"There is a real vacancy of available treatment for those individuals who come forward voluntarily," Merritt said. "We don’t know where our assets are. We don’t know how many beds we have. We don’t know how many drug addicts we actually have."

According to statistics from the Indiana Family and Social Services Administration, more than 19,000 people were treated in 2016 for addiction in an in-patient facility. That number grew by more than 8,000 from 2014. The numbers highlight the crucial need for more treatment centers in the state.

Bridges of Hope opened in Anderson earlier this year. Director Karl Lazar said the demand for a new facility in the area was evident.

"It’s devastated, both economically and with drug problems," he said.

The facility offers 29 residential beds. Eight are sectioned off for detox and 21 are for residential level of care. Right now, their beds are about half full. Lazar said they could fill more beds and help more people, if only patients could afford the treatment.

There’s no "average cost" for heroin addiction treatment. Most facilities operate on a sliding scale depending on need and insurance. If you pay out of pocket, you can expect a price tag of anywhere between $7,000 and $30,000 for detox, in-patient and residential treatment.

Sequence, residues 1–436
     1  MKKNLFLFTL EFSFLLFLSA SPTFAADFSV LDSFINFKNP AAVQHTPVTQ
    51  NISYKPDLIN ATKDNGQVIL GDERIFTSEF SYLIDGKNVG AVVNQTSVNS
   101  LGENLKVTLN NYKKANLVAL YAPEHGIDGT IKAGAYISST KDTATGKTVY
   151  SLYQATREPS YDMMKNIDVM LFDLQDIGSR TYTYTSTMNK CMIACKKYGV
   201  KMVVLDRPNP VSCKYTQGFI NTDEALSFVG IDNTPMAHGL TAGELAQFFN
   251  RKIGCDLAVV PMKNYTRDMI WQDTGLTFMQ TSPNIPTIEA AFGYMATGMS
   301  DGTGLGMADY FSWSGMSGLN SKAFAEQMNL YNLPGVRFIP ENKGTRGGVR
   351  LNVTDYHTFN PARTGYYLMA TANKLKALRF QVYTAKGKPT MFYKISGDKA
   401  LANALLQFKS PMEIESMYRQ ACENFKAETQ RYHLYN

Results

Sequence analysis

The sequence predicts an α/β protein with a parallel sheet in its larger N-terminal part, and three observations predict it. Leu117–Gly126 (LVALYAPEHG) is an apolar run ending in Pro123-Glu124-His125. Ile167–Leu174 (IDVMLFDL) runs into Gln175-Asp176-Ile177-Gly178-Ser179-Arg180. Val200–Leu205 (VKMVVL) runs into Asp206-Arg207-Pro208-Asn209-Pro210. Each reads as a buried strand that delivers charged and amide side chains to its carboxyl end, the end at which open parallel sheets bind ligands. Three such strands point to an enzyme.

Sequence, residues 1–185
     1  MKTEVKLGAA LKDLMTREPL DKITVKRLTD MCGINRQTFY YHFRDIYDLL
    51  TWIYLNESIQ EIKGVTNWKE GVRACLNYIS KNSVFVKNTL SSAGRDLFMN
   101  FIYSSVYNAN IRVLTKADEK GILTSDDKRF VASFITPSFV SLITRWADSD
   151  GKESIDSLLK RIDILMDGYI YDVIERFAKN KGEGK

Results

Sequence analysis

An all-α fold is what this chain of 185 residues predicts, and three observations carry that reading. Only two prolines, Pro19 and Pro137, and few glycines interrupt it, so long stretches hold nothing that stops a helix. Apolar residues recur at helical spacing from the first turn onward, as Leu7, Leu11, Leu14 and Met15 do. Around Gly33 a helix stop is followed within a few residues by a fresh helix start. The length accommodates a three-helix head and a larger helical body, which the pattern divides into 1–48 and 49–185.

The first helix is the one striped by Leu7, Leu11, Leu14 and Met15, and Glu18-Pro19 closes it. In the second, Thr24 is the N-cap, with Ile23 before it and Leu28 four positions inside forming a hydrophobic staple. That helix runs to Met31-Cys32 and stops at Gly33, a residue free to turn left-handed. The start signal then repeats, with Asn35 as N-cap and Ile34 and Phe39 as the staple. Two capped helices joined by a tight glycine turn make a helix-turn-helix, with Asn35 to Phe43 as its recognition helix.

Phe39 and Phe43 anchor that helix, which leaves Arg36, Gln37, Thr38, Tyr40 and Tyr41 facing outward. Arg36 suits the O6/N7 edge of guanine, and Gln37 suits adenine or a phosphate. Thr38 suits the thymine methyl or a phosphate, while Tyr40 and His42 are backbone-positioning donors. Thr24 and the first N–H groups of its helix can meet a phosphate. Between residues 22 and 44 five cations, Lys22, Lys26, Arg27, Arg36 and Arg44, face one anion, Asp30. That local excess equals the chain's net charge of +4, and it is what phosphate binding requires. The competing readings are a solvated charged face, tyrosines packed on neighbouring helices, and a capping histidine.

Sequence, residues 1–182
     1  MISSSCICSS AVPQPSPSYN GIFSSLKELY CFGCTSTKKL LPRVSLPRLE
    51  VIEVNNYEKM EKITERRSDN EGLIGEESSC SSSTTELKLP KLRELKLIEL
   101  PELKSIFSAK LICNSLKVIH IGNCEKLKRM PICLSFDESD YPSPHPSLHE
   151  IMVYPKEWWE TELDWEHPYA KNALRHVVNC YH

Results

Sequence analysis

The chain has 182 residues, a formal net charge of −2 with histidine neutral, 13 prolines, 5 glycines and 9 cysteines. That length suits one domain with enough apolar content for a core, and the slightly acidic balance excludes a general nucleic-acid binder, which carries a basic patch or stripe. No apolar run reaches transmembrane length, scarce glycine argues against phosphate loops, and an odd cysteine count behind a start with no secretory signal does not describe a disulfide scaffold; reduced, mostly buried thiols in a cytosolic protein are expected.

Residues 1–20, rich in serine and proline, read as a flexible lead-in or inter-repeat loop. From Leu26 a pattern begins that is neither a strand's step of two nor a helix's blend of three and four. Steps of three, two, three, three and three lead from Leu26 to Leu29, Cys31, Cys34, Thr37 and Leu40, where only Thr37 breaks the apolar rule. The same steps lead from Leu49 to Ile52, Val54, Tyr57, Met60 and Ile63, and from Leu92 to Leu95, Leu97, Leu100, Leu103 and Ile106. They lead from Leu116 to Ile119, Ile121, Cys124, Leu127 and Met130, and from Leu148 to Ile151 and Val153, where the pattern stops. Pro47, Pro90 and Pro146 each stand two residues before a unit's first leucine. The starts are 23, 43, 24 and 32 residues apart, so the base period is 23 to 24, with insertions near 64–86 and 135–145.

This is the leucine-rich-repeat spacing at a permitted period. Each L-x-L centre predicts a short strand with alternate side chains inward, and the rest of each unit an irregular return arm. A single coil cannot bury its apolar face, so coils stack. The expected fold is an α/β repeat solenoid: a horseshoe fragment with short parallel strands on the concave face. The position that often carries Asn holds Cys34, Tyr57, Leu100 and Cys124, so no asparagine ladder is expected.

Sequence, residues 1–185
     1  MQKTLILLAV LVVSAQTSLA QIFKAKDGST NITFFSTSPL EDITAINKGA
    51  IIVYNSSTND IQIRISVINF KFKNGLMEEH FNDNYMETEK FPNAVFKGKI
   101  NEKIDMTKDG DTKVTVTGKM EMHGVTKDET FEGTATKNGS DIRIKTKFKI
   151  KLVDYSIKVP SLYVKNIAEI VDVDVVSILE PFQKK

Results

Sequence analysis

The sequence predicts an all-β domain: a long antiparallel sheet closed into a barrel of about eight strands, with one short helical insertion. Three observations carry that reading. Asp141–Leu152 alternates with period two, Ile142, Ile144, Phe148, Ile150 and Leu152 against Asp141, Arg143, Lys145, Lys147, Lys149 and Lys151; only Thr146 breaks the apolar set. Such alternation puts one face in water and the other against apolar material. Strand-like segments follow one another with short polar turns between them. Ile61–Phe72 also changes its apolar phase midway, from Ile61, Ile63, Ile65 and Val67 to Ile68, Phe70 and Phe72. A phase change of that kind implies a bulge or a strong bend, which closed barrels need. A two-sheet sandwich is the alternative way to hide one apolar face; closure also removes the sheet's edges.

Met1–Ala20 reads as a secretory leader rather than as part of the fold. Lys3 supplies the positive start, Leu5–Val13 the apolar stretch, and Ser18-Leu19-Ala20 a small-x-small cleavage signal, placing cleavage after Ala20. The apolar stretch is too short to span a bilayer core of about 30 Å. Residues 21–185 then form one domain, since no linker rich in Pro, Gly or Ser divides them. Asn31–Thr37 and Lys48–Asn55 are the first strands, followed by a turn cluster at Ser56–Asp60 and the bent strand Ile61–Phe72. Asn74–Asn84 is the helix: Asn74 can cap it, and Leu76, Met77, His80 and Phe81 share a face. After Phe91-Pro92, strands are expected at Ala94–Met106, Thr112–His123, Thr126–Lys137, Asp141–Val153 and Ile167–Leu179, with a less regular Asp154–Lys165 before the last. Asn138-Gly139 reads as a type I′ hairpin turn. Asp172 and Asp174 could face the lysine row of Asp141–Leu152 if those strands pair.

"I got into this business to help people like me and when you have to turn people away because of that, it doesn’t feel good," Lazar said.

There are serious concerns about Medicaid’s current policies in Indiana, preventing hundreds of Hoosiers from receiving in-patient treatment. Right now, Medicaid doesn’t pay for in-patient treatment at facilities that have more than 16 beds.

Lawmakers and organizations like FSSA are trying to change that. The state is waiting to hear back on a waiver that would allow Medicaid to fund treatment at state certified facilities like Bridges of Hope.

Dr. Jennifer Walthall is the secretary of FSSA. She said they’re confident The Centers for Medicaid and Medicare Services will approve the waiver.

"It becomes a vehicle for really expanding the fight that we’re all in together," Dr. Walthall said. "Indiana has the opportunity to lead in this. I think there are many other states that can look to us and say, okay they were in the thick of it, and here’s how they responded."

The approval of the waiver could be a game changer for the state, lowering the cost of treatment and increasing the amount of beds available for patients.

"It gives access to 15 new facilities and possibly increased capacity at 12 other existing places," Dr. Walthall explained.

The hope for affordable treatment comes too late for Joey.

"I think he would still be alive today," Erica said.

Her hope is that other families can seek treatment the moment they need it, despite cost.

"Recovery costs a lot less than an ICU visit," she said.

For more on Bridges of Hope, click here. Click here for a list of state certified treatment facilities.

On Monday, more than $10 million went into effect to help support addiction treatment and prevention. For more on the 21st Century Cures funds, click here.